Phase I of Armory project approved
With two councilmen unable to attend Tuesday’s monthly Lewisburg City Council meeting, that body appreciated the fairly light agenda facing them.
The council did vote to approve the first phase of needed renovation to the old National Guard Armory building.
The building requires the cleanup of environmental hazards related to birds that have been living in the building, as well as possible asbestos and lead paint issues.
The cleanup is budgeted at roughly $80,000 and is a necessary step before any other use can be made of the building, turned over to the city by the state as surplus property.
The city wants to use the building as a temporary home for the Lewisburg Fire Department while renovations are made to the current main fire hall.
A final use for the property will be decided after input from city department heads and public input sessions at a future date.
Gina Jones, co-chair of the Goats, Music, and More Festival, presented a wrap-up of this year’s event to the council.
Including food vendors, this year’s event had the highest total number of vendors in the 15- year history of the event, she said.
The 184 vendors reported very good business this year with several, especially those offering food, selling completely out of stock.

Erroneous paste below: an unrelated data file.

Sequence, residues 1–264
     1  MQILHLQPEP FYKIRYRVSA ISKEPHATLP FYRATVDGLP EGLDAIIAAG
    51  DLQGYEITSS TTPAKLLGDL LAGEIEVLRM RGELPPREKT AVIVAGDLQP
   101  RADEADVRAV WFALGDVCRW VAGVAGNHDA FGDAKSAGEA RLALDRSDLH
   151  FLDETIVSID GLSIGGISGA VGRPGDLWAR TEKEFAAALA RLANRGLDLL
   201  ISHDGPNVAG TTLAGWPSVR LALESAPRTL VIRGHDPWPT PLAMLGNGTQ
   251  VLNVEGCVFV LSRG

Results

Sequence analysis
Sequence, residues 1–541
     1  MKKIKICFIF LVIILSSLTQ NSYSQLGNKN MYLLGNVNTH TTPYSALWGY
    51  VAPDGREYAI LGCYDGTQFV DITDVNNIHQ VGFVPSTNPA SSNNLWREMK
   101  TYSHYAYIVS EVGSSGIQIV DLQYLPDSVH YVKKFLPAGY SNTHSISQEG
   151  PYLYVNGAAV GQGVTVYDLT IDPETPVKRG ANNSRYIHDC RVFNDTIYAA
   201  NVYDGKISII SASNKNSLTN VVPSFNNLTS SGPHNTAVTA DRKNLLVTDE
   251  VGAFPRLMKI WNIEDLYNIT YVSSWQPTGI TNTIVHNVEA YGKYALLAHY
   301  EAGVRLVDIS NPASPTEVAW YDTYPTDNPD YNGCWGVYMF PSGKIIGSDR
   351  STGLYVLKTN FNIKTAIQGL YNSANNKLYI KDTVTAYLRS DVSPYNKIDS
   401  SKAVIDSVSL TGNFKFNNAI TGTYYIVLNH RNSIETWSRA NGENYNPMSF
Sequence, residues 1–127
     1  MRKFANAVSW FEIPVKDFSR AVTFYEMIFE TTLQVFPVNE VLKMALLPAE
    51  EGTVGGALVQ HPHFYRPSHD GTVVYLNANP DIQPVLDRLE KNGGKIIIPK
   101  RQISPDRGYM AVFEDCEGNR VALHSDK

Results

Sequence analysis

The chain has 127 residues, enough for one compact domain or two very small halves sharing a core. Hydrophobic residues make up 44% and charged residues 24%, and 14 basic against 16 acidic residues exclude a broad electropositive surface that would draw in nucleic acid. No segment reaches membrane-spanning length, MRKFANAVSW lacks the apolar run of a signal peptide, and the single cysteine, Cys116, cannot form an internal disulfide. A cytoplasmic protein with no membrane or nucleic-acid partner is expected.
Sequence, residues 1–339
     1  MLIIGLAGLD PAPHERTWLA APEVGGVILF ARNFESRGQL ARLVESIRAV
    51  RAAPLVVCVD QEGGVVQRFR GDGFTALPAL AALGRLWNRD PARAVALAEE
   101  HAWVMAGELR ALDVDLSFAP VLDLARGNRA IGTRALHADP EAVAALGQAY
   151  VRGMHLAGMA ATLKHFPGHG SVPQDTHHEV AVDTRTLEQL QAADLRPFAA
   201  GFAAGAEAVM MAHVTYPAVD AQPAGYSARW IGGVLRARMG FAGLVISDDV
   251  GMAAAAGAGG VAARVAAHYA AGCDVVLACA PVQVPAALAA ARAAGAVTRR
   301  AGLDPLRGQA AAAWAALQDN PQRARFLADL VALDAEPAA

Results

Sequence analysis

Both the Three-legged Goat Triathlon and the Goat Gallop 5K had more than 100 entries in the events, and 16 teams entered cornhole tournament offered for the first time this year.
Jones estimated the crowd on Saturday night for the Lonestar performance at up to 10,000, numbers the festival hasn’t seen since the appearance by the Charlie Daniels Band years ago.
The success of the weekend was leading to some growing pains for the festival, Jones said, as some parts of Rock Creek Park were beginning to run out of room for expansion.
Councilmen adopted a resolution that fills in a gap in defining road worthy vehicles, allowing the Lewisburg Police Department to address the issue of lawn mowers on the roadway.
At the work session last week, Chief David Henley said that the department received complaints about residents who used mowers regularly as transportation around town.
The mowers fell between a gap in current statutes for what constituted a vehicle. Henley said that enforcement wasn’t intended for moving from yard to yard, necessarily, while mowing, but for driving on public roadways.
Councilmen also voted to approve the annual holiday bonuses for city employees. Traditionally, the city has paid $100 to each employee at both Thanksgiving and Christmas.
Five county residents spoke during the citizens comment period about various concerns they had with the Lewisburg Rec Center.
Their concerns ranged from issues with the time that maintenance took at the facility, the number of children using the facility, especially during the summer, and the Constitutionality of charging county residents a higher annual fee than charged to city residents at the city-tax funded facility.